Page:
Exploitation Of Illegal Nickel Mines In Indonesia – OpEd


Indonesia has abundant natural resources, especially nickel. Nickel is the raw material for making electric vehicle batteries. Electric vehicles are predicted to be low in emissions or environmentally friendly. Developed countries are currently competing to produce electric vehicles. Indonesia is not left behind with big plans to form a company producing electric vehicle batteries. This has attracted the interest of foreign mining companies including China to enter and explore for nickel in Indonesia.

There are several foreign mining companies operating and holding exploration permits in Indonesia. Nearly 70% of nickel mines in Indonesia are controlled by companies from China. Since October 2013, the 6th President of Indonesia, Susilo Bambang Yudhoyono and the President of the People’s Republic of China, Xi Jinping, in the middle of the Indonesia-China Business Luncheon at the Shangri-La Hotel, Jakarta, have made a joint agreement to build a nickel smelter project with a capacity of 300,000 tons of ferronickel. per year in Morowali, Central Sulawesi, valued at US$1.1 billion. This agreement was then followed up with the development of the Indonesia Morowali Industrial Park (IMIP).

IMIP development since 2013 has changed investment patterns. The downstream nickel industry is implemented to produce various types of products such as ferronickel, nickel pig iron (NPI), stainless steel, and in the future nickel-based nickel-based battery components for electric vehicles. This downstream process processes nickel potential and reserves.

Data from the 2019 Geological Agency recorded nickel resources reaching 11.7 billion tons and reserves of 4.5 billion tons. This figure places Indonesia as the largest nickel ore producer in the world. Nickel reserves of 90% are in four provinces, namely Central Sulawesi, South Sulawesi, Southeast Sulawesi and North Maluku.

Nickel has become an important raw material as the energy demand for electric vehicles increases. As the largest nickel producing country, Indonesia has a potential content of 11.7 billion tons with 4.5 billion nickel ores that can be mined immediately. Indonesia should benefit more from the rotating foreign exchange. Nickel in Indonesia has so far supported a positive trade balance in the last two years and has been able to withstand the fall in the value of the rupiah against the US dollar.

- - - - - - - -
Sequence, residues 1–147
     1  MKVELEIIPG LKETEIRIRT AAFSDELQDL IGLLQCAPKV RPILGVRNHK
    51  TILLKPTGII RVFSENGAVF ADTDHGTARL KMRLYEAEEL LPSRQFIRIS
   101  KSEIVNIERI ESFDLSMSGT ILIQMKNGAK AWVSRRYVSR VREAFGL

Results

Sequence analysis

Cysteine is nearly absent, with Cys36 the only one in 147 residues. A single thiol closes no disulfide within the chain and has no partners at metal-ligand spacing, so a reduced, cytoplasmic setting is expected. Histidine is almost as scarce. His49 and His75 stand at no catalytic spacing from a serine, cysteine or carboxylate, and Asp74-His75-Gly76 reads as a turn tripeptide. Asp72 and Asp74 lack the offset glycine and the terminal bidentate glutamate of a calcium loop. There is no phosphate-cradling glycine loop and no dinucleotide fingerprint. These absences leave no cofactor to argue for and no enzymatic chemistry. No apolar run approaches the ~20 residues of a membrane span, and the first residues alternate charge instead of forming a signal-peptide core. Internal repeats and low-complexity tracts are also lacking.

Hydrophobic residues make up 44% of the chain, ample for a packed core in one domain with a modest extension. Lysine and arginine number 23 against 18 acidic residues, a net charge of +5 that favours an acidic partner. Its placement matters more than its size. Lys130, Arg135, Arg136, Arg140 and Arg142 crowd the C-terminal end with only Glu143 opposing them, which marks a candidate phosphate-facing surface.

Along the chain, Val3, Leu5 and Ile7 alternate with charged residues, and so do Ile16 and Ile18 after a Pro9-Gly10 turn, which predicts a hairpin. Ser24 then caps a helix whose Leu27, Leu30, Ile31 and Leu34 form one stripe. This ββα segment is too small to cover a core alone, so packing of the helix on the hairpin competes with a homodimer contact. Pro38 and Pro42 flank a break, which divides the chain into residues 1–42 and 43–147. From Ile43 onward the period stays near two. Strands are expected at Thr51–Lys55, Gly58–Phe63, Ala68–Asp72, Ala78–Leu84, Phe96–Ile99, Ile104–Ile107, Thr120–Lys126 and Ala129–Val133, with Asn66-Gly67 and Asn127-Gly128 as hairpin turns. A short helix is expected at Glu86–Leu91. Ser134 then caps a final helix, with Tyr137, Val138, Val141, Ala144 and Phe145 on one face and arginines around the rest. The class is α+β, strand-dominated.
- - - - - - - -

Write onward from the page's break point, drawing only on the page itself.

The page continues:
In May 2020, there were 29 times the value of Indonesia’s exports, a surplus of US$ 4-7 billion per month. Of exports throughout 2022 worth US$ 291.88 billion or IDR 4,524 trillion, non-oil and gas exports contributed US$ 235.61 billion. Palm oil, coal and nickel are the biggest contributors to exports of Indonesian products. As much as 23% of these export products sail to China, a country that does not attach importance to the legal origin of commodities.

The high export value should reflect the value of Indonesia’s foreign exchange. However, in fact, the value of foreign exchange reserves will decline by US$ 7.7 billion in 2022 compared to 2021. Who will then enjoy the blessings of natural resource commodities due to increased global demand if this is not reflected in the balance sheet?

According to Tempo magazine, there are dozens of illegal nickel mining companies in the Mandiodo Block, North Konawe, Southeast Sulawesi. These illegal companies launder illegal nickel using original but fake documents and then sell it to ore processors in Southeast Sulawesi and Central Sulawesi. In general, the nickel smelters in Konawe are a partnership of large groups of Chinese entrepreneurs.

By placing central and regional officials as commissioners, the illegal practices of these companies continue to operate without hindrance. In Mandiodo, illegal mining companies owned by politicians and officials’ families have even received protection from a number of police generals.